Your Guide to Implement Robotic Technology

Many companies large and small understand the benefits of automation, but selecting the tools, putting them into practice, and then managing them well isn’t easy.

The Robotic Industries Association (RIA) helps companies get the most from robots, machine vision, and other forms of automation.

Setting the Stage

It’s always helpful to remember how processes have evolved to understand the present and get a picture of the future. Stationary robots were useful in the automotive and other heavy industries to create a product that had the same specifications. The same exact process was used many times over to create the same model car.

Automation has served mass production well and during the past several years has become a powerful tool in serving the need for mass customization. Manufacturers can achieve the low unit cost of mass production but with enough flexibility and personalization to satisfy specific customer demands.

The challenge is knowing how to use automation in meeting current and future business goals.

The Digital Factory

RIA is a guide to understanding the factory of the future where zero production errors and no downtime is more reality than theory. Learning how to use software and control technologies to connect equipment and get value from the Industrial Internet of Things is a move toward “smart” manufacturing.

A digital transformation in industry is “required” according to consulting firm McKinsey and Company. Most manufacturers are not responding to opportunities and challenges “in a comprehensive, coordinated way.”

The Collaborative Factory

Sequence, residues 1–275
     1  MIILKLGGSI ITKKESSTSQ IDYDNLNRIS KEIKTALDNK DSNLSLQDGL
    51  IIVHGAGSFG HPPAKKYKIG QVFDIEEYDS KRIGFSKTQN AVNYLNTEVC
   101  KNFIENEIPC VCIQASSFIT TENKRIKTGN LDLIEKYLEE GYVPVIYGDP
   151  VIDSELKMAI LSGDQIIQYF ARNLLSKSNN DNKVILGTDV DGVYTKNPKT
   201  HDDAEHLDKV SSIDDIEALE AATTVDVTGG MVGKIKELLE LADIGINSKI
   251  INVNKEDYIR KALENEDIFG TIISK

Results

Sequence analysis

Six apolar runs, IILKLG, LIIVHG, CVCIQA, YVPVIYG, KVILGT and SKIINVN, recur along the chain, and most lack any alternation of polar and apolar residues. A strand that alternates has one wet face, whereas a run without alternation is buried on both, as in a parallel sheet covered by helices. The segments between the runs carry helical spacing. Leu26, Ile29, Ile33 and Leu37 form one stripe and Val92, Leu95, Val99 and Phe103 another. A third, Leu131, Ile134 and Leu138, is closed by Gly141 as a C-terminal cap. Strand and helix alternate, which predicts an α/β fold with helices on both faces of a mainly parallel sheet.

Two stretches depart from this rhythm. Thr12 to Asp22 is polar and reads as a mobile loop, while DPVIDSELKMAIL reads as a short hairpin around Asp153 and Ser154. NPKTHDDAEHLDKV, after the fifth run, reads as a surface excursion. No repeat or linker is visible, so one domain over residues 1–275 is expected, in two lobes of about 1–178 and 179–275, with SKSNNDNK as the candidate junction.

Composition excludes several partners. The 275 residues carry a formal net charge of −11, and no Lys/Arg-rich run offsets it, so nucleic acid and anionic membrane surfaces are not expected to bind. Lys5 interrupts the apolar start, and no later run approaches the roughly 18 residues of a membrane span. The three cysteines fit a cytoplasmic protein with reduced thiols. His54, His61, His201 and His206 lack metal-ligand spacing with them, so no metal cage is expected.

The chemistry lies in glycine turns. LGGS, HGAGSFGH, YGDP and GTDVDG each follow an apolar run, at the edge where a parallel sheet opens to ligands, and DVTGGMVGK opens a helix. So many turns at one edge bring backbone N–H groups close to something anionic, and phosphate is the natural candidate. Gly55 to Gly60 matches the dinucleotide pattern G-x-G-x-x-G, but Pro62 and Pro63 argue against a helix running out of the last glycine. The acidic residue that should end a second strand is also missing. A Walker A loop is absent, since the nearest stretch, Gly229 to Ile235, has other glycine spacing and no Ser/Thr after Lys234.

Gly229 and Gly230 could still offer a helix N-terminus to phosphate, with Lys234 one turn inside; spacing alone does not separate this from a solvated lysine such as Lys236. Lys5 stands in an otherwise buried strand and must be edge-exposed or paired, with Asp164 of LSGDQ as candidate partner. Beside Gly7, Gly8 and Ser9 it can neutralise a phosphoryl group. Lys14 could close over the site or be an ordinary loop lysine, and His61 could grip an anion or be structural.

More people are sharing their workload with robots and collaborative robots are becoming easier to use while keeping safe operation as a priority.

Robot maker Staubli says it’s ushering in a new era of man-robot collaboration with the TX2 line of collaborative robots. At Automate 2017, as noted on, Staubli Robotics simulated a realistic Smart Factory to demonstrate the TX2 models’ collaborative skills and Industry 4.0 capabilities.

An innovative safety feature is the use of sensors to make the robot aware of where the human operator is at all times.

Don’t take a go-it-alone approach to automation. Just like making a robot requires a cross-discipline team so does putting robots and other forms of automation into action. A3 has set high standards for programs like its Integrator Certification program and In-House Safety Training.

RIA began in 1974 and is the only trade group in North America organized specifically to serve the robotics industry. Membership is available in five general categories: supplier; system integrator; robotic automation user; consultants and affiliates; educator-researcher. RIA is now A3. 

Many resources are free, while memberships offer ways to promote products, network, and boost a company’s overall chances of success. They’re available through A3.